The species is important in local fisheries of Amazonia. Additionally, juveniles and small adults are found in the ornamental fish trade.

Means of Introduction: Aquarium releases in most locations. Juveniles and small adults are found in the ornamental fish trade. They quickly reach sizes too large for most hobbyists. Introduced by an illegal ornamental fish-farming operation in Nevada (Soltz and Naiman 1978).

Status: All reported introductions of arawana have failed to establish viable populations.

Impact of Introduction: The impacts of this species are currently unknown, as no studies have been done to determine how it has affected ecosystems in the invaded range. The absence of data does not equate to lack of effects. It does, however, mean that research is required to evaluate effects before conclusions can be made.

Remarks: Conventionally, most arawanas (especially in the aquarium trade) have been referred to as O. bicirrhosum. Some of these (including our own records) may have actually been O. ferreirai; however, this is unlikely because O. bicirrhosum is most commonly imported and sold in the U.S. and is easily distinguishable as junveniles/subadults (see Identification).

Suzuki (1982) gives the karyotype of both Osteoglossum bicirrhosum and O. ferreirai.

References: (click for full references)

Axelrod, H.R., W.E. Burgess, N. Pronek, and J.G. Walls. 1985. Dr. Axelrod's atlas of freshwater aquarium fishes. Tropical Fish Hobbyist Publications, Inc., Neptune City, NJ.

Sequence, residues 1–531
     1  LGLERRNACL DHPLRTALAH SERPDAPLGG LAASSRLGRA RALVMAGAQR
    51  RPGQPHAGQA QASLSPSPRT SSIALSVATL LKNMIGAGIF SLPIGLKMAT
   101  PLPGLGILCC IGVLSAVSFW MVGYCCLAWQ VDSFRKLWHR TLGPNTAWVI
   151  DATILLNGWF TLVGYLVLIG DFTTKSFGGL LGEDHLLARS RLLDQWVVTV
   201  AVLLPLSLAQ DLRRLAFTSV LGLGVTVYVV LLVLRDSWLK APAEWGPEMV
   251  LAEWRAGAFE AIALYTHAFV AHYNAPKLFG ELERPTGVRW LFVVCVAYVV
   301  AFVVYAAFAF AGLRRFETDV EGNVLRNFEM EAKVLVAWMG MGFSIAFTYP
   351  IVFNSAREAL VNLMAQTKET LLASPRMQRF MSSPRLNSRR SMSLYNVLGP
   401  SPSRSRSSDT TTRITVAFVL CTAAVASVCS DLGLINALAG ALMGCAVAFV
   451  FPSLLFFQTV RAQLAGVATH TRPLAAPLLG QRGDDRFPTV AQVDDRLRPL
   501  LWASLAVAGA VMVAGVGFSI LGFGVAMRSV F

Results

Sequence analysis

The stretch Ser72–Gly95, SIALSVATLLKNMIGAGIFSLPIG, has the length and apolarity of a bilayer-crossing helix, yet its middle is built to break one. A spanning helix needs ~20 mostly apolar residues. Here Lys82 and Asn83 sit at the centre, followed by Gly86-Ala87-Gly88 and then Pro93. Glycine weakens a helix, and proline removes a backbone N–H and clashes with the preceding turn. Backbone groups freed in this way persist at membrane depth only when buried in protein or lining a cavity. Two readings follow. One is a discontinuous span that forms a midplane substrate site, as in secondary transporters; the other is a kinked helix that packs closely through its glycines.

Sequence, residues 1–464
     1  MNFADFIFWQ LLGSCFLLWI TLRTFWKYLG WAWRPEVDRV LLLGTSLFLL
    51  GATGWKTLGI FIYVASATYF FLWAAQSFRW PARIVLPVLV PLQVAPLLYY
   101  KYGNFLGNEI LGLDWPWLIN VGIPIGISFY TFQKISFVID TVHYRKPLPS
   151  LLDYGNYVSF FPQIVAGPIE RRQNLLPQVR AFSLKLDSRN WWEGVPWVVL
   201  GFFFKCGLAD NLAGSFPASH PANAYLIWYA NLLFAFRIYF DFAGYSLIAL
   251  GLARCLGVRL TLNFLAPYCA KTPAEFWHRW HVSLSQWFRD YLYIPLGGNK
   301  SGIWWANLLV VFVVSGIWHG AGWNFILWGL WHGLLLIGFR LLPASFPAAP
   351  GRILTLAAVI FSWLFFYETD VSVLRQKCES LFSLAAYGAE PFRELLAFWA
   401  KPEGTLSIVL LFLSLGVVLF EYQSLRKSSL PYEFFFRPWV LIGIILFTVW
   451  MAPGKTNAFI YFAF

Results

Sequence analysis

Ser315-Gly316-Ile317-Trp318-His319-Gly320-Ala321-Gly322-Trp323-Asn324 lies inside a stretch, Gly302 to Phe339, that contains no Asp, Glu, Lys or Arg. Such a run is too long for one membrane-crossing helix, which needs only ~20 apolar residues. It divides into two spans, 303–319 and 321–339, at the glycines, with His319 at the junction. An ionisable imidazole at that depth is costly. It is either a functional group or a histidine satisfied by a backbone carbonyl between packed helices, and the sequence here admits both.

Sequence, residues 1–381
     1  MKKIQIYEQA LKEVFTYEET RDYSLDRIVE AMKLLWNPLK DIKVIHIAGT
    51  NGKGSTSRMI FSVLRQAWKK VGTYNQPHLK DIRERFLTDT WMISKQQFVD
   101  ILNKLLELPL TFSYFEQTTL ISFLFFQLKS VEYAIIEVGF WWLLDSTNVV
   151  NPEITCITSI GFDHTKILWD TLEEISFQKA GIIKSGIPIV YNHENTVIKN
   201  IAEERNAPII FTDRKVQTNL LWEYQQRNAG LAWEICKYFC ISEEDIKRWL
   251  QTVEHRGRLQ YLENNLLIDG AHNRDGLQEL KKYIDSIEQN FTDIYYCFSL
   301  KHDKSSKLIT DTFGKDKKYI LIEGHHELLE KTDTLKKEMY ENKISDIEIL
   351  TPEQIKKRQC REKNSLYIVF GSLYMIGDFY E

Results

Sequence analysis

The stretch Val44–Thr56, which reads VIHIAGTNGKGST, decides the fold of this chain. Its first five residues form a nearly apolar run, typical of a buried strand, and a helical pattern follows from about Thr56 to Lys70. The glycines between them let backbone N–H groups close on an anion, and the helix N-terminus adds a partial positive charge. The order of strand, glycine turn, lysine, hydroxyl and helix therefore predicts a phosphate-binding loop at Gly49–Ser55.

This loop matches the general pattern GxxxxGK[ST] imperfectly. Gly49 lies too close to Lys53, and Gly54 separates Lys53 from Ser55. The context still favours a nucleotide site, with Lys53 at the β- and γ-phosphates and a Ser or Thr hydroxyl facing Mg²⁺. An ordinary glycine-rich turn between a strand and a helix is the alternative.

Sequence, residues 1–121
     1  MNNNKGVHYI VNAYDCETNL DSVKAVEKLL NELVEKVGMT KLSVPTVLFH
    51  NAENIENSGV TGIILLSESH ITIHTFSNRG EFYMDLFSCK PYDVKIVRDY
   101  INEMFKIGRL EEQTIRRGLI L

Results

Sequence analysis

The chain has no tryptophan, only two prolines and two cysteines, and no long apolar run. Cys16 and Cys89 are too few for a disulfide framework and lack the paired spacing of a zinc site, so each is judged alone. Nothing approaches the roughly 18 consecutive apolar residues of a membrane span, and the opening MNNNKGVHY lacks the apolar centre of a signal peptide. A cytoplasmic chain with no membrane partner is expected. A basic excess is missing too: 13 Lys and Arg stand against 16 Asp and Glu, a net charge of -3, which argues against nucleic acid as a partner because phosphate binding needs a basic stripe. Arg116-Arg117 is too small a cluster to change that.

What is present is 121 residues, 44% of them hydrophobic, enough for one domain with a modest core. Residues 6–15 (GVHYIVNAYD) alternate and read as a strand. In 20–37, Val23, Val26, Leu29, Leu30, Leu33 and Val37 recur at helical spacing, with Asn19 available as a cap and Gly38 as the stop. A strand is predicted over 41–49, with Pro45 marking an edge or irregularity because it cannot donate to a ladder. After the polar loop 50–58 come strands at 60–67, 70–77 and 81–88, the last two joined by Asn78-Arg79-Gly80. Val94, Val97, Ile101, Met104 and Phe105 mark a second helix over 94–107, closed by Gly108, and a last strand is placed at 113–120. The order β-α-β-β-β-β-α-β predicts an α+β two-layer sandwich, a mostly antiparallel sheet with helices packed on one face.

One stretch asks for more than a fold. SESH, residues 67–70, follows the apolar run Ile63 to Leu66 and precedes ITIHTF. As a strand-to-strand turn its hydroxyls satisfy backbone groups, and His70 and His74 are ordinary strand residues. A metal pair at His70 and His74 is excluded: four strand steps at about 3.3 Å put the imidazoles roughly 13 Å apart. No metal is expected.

Courtenay, W.R., Jr., D.P. Jennings, and J.D. Williams. 1991. Appendix 2: exotic fishes. 97-107 in Robins, C.R., R.M. Bailey, C.E. Bond, J.R. Brooker, E.A. Lachner, R.N. Lea, and W.B. Scott. Common and scientific names of fishes from the United States and Canada, 5th edition. American Fisheries Society Special Publication 20. American Fisheries Society, Bethesda, MD.

Deacon, J.E., and J.E. Williams. 1984. Annotated list of the fishes of Nevada. Proceedings of the Biological Society of Washington 97(1):103-118.

Devick, W.S. 1991. Pattern of introductions of aquatic organisms to Hawaii freshwater habitats. 189-213 in New directions in research, management and conservations of Hawaiian freshwater stream ecosystems. Proceedings of 1990 Symposium on Freshwater Stream Biology and Fisheries.

Dill, W.A., and A.J. Cordone. 1997. History and status of introduced fishes in California, 1871-1996. California Department of Fish and Game Fish Bulletin, volume 178.

Goulding, M. 1980. Fishes of the forest: explorations in Amazonian natural history. University of California Press, Los Angeles, CA.

Howells, G. 1992. Annotated list of non-native fishes, mollusks, crustaceans, and aquatic plants, in Texas water. Texas Parks and Wildlife Management Data Series. 78 pp.